The task of Assignment 3 is to use the given chords to compose a short Baroque sonata for a melody instrument and keyboard accompaniment – both should be authentically Baroque. The brief specifies to include written out ornaments with specific instances of techniques covered in Part 3. A 500-word commentary should also be included, containing information about the compositional approach and an challenges that had been overcome, etc. It should also include symbols for the written out ornaments.
To begin, this is the score for my short Baroque sonata:
You can listen to the composition below:
Finally this is my commentary:
I have chosen the violin and harpsichord. This is not purely because of Bach’s instrumentation in Sonata No. 4 in C minor, which has been the focus of Project 2, but also because I didn’t have a chance to write for these instruments in Composing 1, where the tasks were focused mostly on the percussion, woodwinds and piano. As such, this was a great chance to experiment with the texture of the two instruments, but also go back to violin, which is the main instrument I studied.
Upon starting this task, I realised I didn’t know what ‘Baroque sonata’ entailed. As such, before I commenced with composing, I carried out a little research and found that Bach’s Sonata No. 4 represents a form of trio sonata, with the violin playing one part, while the left and right hand on the harpsichord are separated as two to form the trio. Structurally, it is a church sonata, da chiesa, which consists of four movements, typically: slow – fast – slow – fast. This structure was first formulated by Corelli: the first movement being expressive and cantabile, the fast second being loosely fugal, while the slow, more transitional, third movement is usually dance-like (eg. sarabande and gigue) and more homophonic, and finally, the fourth constitutes another fugue that also contains dance-like figures. In this sense, the brief confused me slightly and my first consideration was whether ‘writing a Baroque sonata’ denoted a single movement or a miniature version (there are only 33 bars) of the full form. In the end, I decided to challenge myself and try to write a full form, which will still be united by the musical material.
As such, my sonata consists of 4 sections, separated with double bar lines. This, however, clashes slightly with the rehearsal markings. Though the brief didn’t mention that we have to structure the piece around them, this is something I am generally not satisfied with. Still, overall, I think I managed to structure my piece well.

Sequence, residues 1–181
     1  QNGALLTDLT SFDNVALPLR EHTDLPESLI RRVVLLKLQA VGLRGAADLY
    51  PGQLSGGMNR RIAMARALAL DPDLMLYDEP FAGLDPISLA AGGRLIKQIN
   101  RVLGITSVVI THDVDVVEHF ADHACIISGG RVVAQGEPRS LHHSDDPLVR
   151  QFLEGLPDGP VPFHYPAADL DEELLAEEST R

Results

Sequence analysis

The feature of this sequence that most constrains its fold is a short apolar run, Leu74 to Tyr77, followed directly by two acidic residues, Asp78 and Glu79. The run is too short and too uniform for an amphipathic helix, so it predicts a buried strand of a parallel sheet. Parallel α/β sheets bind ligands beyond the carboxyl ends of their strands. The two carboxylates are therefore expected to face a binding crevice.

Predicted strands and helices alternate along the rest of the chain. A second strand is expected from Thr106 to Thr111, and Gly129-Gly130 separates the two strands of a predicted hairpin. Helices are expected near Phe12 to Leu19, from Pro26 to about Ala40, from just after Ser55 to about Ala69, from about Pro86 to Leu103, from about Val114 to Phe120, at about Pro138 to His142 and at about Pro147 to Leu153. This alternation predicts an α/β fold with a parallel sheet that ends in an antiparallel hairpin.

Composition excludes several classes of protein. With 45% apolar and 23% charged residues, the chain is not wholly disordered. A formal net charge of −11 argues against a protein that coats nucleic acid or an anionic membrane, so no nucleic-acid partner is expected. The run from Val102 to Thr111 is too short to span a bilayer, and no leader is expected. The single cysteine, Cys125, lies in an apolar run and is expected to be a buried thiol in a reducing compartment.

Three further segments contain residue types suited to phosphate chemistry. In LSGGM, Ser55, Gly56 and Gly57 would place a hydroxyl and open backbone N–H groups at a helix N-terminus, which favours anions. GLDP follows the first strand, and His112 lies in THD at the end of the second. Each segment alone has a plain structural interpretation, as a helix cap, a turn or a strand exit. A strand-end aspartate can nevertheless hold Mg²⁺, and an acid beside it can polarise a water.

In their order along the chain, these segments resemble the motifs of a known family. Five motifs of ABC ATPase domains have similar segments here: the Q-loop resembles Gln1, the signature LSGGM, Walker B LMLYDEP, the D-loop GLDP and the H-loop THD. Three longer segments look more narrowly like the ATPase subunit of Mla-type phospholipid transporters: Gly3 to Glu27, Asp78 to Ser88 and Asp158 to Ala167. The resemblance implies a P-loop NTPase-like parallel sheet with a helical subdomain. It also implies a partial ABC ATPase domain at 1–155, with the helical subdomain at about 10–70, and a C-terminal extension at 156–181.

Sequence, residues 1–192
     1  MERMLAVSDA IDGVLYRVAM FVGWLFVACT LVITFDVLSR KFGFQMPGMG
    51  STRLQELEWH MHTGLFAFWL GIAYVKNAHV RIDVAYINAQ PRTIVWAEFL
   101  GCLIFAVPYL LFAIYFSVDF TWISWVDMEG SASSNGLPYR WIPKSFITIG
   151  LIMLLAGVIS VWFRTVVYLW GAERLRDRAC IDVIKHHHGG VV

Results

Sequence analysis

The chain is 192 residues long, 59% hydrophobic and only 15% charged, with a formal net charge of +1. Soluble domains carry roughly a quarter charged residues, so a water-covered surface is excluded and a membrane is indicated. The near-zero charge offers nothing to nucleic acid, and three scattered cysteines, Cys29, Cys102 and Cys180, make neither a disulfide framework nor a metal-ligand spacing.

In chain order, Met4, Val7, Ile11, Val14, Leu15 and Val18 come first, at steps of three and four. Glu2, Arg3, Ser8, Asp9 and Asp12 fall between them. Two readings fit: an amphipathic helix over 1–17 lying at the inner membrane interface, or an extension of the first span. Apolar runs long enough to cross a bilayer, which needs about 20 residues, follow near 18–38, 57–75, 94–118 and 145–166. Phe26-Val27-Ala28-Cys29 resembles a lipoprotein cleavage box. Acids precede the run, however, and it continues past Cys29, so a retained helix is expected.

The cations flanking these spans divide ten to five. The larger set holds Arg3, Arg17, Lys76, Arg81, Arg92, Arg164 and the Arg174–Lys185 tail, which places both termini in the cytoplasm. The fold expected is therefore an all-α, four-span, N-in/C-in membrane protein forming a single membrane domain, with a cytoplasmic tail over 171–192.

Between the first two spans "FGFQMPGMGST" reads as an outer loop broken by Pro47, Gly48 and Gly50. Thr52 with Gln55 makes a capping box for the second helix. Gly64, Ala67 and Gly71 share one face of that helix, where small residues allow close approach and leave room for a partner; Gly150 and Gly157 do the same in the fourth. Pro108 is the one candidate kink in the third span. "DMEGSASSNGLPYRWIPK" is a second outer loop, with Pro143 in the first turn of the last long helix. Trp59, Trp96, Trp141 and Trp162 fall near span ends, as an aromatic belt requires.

The first expressive section has many instances of suspensions in the harmony, which produce interesting moments of tension and release. The use of parallel thirds and repetition of notes was inspired by the first movement in Bach’s Sonata No. 1 in B minor. The second section is in the faster andante, and contrasts the first, although it uses the same beginning motif D-Bb-A-G in diminution as the dux. There was obviously no space to write the whole fugue, but I managed to add a tonal comes response and another dux entrance, so that all three voices participate in the imitative texture. Harmonically, however, this was incredibly difficult to achieve, and the comes blurred the harmony in bar 13. The repetitions from section one now gained a characteristic rhythmic figure, quite reminiscent of the successive homophonic chords used by Corelli and Vivaldi in the Italian concerto-style, examples of which I have included in my listening log.
I am inclined to mention here that rather than drawing purely from Bach or the Italian sources, I have combined all the styles I listened to, in order to create my own baroque ‘vocabulary’. In fact, as Neumann (1978: 42) mentions in his Ornamentation in Baroque and Post-Baroque Music, this is something Bach himself would do, drawing eclectically from the German, Italian and French heritage. Moving on, the third section is dance-like in the 3/4 time-signature, being very transitional with unstable harmony, as in the standard form. It is very homophonic, with quite a contrast between the melody and the accompaniment, especially comparing to the previous two sections. It introduces new thematic material, and the dotted rhythmic pattern, which is suddenly disturbed in bars 22-23 – a moment I am quite happy about. In this very instance, the main melody also seems to rise indefinitely until the cadence. As for the final, fourth section, it leads back to 4/4 and is the most dramatic, bringing back the thirds and repetitions, all in the diminution of the upper harpsichord part in bars 1-2, which introduces peculiar effects with hockets. All in all, I am quite satisfied with the results.
Although in the aforementioned book Neumann writes about J. S. Bach’s use of ornaments extensively with multiple examples, arguing against C.P.E. Bach’s sources due to his connection with the galant style and treating the ornaments with a militaristic ethos that opposed his father’s practice (1978: 39-40), I think the book is too detailed and contextual to be used practically for this assignment. As such, despite being fully aware of his arguments, I decided to indeed use C.P.E. Bach’s manuscript for the ornaments after all. I have used: